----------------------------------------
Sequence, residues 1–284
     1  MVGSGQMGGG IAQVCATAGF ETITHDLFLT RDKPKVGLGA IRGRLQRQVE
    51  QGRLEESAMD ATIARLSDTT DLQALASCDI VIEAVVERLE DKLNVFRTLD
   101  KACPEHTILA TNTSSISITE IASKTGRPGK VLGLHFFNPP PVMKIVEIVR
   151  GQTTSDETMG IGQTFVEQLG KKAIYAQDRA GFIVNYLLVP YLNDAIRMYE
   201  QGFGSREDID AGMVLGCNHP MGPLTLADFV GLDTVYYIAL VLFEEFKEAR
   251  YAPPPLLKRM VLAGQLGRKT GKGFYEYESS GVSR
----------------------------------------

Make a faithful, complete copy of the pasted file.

Sequence, residues 1–284
     1  MVGSGQMGGG IAQVCATAGF ETITHDLFLT RDKPKVGLGA IRGRLQRQVE
    51  QGRLEESAMD ATIARLSDTT DLQALASCDI VIEAVVERLE DKLNVFRTLD
   101  KACPEHTILA TNTSSISITE IASKTGRPGK VLGLHFFNPP PVMKIVEIVR
   151  GQTTSDETMG IGQTFVEQLG KKAIYAQDRA GFIVNYLLVP YLNDAIRMYE
   201  QGFGSREDID AGMVLGCNHP MGPLTLADFV GLDTVYYIAL VLFEEFKEAR
   251  YAPPPLLKRM VLAGQLGRKT GKGFYEYESS GVSR